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The assembled rocks seemed solid enough, and they had held up under Porfirio’s weight, but Deke still gave them a tentative kick before taking the first step into the structure. Nothing budged, and so he plunged in.

The passageway was a narrow cleft between the towering rocks. It was lit well enough from the sun overhead, but shadows gathered and seemed to move at the base of the pillars. The passage twisted and turned, making it impossible to see more than a few feet ahead. Porfirio was nowhere to be seen, but as there had been no branches off of the path, he still had to be somewhere ahead.

A small spiral staircase built of flat rocks took Deke to a second level within the structure. He had no idea how far into it he was, his sense of direction tangled by the tortuous path. The walls were smoother now, large slabs of stone that looked far too heavy for even Porfirio to lift. They were a reddish sandstone, their colors seeming almost liquid in the shadowed light.

Step, turn, twist. Long minutes had passed without a sign of Porfirio. Deke was starting to question whether he’d missed a turning after all. The sandstone slabs in the walls were interspersed with enormous white pillars embedded in between the slabs now, great towering structures as broad as Deke’s waist that looked like nothing so much as tremendous bones. The red in the walls had deepened. The floor was slightly sticky underfoot. Deke looked down, but saw nothing but darkness. He could barely make out the shapes of his own feet.

“Porfirio!” Deke called again. In the narrow confines of the rock, he expected his shout to ring in his ears, but instead there was no echo at all. It was as if he were in the middle of an endless void, with nothing anywhere to hear his voice. Deke touched a wall for reassurance, and found it warm and slightly yielding to his touch. His fingers came away sticky and red.

Up ahead, the path split at last. Deke paused at the three options, unsure which one to take. He started down the leftmost, only to hear a strange squelching sound from ahead.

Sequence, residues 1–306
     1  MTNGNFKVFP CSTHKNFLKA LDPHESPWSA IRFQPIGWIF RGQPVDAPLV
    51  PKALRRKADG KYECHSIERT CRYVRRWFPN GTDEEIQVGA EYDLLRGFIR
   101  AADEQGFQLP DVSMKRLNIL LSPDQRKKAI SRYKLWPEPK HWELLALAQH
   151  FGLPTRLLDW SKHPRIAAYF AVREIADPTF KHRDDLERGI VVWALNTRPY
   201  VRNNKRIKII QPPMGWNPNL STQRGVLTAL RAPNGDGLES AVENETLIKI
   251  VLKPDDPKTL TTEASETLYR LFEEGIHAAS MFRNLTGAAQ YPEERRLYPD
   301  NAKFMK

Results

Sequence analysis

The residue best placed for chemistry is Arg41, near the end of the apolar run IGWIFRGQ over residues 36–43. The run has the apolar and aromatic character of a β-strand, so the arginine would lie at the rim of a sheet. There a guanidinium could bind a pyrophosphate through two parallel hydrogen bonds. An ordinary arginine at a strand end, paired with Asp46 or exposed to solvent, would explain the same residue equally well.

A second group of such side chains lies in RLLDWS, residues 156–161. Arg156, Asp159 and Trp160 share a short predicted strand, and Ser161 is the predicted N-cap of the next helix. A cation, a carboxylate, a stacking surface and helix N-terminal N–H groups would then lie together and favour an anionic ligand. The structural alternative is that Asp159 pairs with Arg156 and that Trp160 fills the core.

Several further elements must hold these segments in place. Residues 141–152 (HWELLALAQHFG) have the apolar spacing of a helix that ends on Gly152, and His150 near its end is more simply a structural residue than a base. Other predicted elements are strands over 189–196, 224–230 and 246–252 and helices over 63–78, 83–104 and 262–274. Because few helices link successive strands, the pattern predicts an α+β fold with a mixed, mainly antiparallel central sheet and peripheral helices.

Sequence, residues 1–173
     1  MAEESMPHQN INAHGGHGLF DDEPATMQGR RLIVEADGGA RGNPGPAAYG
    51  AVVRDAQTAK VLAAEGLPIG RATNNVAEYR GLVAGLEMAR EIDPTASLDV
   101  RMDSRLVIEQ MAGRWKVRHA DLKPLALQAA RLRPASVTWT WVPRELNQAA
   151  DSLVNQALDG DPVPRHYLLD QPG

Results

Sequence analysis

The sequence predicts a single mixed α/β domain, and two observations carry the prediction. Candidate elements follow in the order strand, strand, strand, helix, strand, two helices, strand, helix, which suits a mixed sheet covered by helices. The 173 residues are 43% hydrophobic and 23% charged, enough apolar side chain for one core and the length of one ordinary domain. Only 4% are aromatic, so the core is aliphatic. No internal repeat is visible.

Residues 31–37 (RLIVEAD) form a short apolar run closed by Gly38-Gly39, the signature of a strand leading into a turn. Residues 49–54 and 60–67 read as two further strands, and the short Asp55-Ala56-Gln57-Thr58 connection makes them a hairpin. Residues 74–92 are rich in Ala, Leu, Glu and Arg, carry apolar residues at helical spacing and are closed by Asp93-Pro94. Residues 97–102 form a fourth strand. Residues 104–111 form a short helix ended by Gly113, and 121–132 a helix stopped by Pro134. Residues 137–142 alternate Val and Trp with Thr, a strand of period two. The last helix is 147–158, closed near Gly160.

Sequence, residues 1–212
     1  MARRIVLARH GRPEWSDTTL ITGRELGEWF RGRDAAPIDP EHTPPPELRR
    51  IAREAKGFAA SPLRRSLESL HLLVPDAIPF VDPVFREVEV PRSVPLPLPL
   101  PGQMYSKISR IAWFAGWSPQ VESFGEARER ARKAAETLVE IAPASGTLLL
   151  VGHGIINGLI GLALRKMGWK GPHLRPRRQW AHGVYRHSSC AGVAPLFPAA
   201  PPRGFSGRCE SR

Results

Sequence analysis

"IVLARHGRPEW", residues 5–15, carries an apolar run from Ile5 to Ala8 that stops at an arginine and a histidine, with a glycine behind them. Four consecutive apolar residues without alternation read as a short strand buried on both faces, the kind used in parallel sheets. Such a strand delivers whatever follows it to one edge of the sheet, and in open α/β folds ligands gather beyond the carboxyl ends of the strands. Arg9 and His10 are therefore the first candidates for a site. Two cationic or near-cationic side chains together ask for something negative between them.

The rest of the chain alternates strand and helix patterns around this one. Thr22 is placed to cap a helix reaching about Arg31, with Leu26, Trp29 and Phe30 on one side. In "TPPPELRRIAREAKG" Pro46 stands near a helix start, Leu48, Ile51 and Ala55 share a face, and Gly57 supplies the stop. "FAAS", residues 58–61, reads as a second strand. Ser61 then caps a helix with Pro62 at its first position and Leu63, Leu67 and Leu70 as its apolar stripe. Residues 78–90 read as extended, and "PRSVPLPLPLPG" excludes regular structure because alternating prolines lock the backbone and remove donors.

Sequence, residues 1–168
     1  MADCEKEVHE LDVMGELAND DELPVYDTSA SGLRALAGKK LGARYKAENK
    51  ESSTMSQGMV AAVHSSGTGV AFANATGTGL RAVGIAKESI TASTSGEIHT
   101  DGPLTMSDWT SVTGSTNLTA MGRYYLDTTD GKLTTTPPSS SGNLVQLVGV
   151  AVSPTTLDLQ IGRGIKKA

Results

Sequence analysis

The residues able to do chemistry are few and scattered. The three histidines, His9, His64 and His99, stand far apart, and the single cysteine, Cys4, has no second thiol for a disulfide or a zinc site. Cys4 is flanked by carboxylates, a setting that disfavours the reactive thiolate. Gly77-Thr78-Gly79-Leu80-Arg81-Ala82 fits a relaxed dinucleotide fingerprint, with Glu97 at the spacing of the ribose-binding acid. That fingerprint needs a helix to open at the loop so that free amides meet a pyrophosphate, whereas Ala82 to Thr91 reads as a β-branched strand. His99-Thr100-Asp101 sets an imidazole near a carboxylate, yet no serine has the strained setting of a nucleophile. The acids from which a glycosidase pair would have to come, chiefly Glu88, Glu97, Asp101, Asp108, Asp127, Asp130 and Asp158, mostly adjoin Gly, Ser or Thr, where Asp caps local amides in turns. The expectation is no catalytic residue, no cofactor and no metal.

“Porfirio?” he called, drawing his gun from its holster. Again, his voice returned no echo. Deke stepped cautiously forward, gun at the ready.

Four steps took him to the next twist in the passageway, where he was hit by a stench intense enough to make his eyes water. Through the haze of tears he saw some sort of white, dog-sized creature rearing up at him from the ground. He staggered back a step, thumping his back into the semisoft wall, and the creature advanced. Deke fired two shots at it and was rewarded with a squeal and a thud.

Wiping away the tears and covering his nose and mouth with his hand, Deke knelt to examine the thing he had shot. His bullets had torn through it like soft cheese, splattering the walls with a pulpy white mass. The creature itself appeared to be some manner of grub, only grown to incredible size. Deke had never seen anything like it. The smell, however, reminded him of the rot that had festered inside Ol’ Sal. Deke wiped his hands on his pants, spat on the ground, and turned back to try another path. It seemed unlikely that Porfirio had simply stepped over this thing.

The next option Deke tried also had a grub, but this one was dead, its body split open from where it had been kicked into the wall. Deke covered his mouth again and hurried past, glad to be on the right track again. He had lost track of both distance and time, but it felt as if he had been in here for half an hour or more. He glanced up to see where the sun stood in the sky, only to realize that the walls now closed together in a vaulted ceiling overhead. The light within was unchanged, seemingly coming from the walls themselves. The sandstone was redder than ever, its swirled patterns standing out against the stark white pillars still appearing at regular intervals.

Up ahead, the path forked again, but this time one wall was marked with a smear of lumpy white pulp from a grub. No dead grub was visible nearby, so Deke assumed that Porfirio was simply carrying a handful of that with him. He imagined the smell and nearly gagged. A man might never get that stench off of his hands.

Deke followed the path, dependent entirely on his unseen leader. At one point he had thought to turn back, and had retreated to the previous junction only to discover that he did not know which tunnel he’d come from. Deke pictured being lost in here among the endless red walls, day and night unchanging, eating rot grubs to survive. His stomach lurched, and he turned back to follow Porfirio again.